South Indian food: have a dosa, especially a Mysore masala dosa. This dish was once described by a food critic from the Village Voice as "the world's most perfect food."

Thai: Pad Kee Mow (Drunkard's Noodles) is my favorite, and has the added bonus of being a hangover cure.

Chilean: Empanadas are unbelievably good.

Mexican: Trying a lot of different kinds of mole would be a fun project. There is a lot of confusion in the US about mole. The word "mole" just means sauce; for example, "guacamole" is "avocado sauce." What is called "mole" by many people in the U.S. is really mole poblano, a scrumptious chocolate/chile sauce. There must be hundreds of different moles made in Mexico.

Persian: I recently had Persian food for the first time, and had a sauce/soup type thing called Fesenjan made of walnuts and pomegranates that was amazing.
posted by medusa at 10:37 AM on April 9, 2006

Fit tabouleh in here somewhere, too, please. I suppose it's Lebanese, but there are a few versions. I like the one that's mostly mint and parsley with a little wheat bulgar tossed in.
posted by small_ruminant at 11:11 AM on April 9, 2006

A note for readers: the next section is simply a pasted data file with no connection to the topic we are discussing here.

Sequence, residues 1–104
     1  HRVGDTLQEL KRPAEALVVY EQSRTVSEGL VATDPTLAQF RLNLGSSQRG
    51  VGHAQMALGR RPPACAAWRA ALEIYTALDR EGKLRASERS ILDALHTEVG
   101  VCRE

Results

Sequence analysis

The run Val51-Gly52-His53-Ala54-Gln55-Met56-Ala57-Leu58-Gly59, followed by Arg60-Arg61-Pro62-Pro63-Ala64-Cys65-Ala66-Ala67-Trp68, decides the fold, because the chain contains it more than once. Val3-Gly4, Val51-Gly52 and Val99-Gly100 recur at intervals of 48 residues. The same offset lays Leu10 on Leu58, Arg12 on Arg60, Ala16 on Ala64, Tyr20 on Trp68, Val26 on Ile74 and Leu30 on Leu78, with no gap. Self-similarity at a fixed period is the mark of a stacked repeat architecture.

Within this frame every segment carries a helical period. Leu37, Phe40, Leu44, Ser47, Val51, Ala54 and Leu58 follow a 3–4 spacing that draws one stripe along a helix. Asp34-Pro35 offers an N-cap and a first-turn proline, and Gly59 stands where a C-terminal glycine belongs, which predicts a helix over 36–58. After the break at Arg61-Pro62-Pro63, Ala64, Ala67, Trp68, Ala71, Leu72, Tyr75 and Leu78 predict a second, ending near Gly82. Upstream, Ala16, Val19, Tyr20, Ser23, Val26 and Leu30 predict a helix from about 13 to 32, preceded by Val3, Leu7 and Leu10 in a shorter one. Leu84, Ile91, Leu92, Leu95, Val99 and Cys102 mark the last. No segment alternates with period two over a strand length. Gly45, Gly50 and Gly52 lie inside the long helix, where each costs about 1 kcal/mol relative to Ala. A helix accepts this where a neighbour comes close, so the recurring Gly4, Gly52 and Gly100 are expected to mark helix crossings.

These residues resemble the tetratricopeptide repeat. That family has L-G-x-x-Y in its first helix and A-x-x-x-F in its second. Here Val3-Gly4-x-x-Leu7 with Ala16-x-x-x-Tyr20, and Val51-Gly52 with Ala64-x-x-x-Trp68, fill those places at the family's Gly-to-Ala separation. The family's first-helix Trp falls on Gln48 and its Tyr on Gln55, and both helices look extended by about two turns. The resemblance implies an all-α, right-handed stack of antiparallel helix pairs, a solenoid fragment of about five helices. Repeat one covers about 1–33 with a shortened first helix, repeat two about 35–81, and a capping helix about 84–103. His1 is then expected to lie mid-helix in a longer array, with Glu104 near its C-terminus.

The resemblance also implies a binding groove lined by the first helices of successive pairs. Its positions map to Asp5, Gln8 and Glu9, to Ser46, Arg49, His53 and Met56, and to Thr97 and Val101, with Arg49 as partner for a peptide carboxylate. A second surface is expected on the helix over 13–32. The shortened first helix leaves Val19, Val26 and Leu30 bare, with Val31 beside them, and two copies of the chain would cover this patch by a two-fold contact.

sorry, where i said "equivalent of yorkshire pudding" i meant "equivalent of shepherd's pie" (which someone else claims for the irish).
posted by andrew cooke at 11:38 AM on April 9, 2006

"Best English Cooking" is a contradiction in terms.

yorkshire pudding is one of the most delicious things ever. and so's real fish and chips. mm...
posted by ifjuly at 11:40 AM on April 9, 2006

French Canadian - Tortierre (meat pie) is good. Pouting is a given.

Anglo Canadian - Kraft Dinner (heh), a CoffeeCrisp chocolate bar, and a bottle of Labatt's beer.
posted by Radio7 at 12:52 PM on April 9, 2006

Oy - that should read "PoutinE"
Pout at your own discretion.
posted by Radio7 at 12:53 PM on April 9, 2006

Irish stew is the best Irish dish... apart from Guinness, heh.

Here's a list of a few other Irish recipes.

Try them out.
posted by knapah at 1:08 PM on April 9, 2006

Chinese food per se encompasses many different regions so it's hard to pick out one "singularly Chinese" dish, but here's my attempt: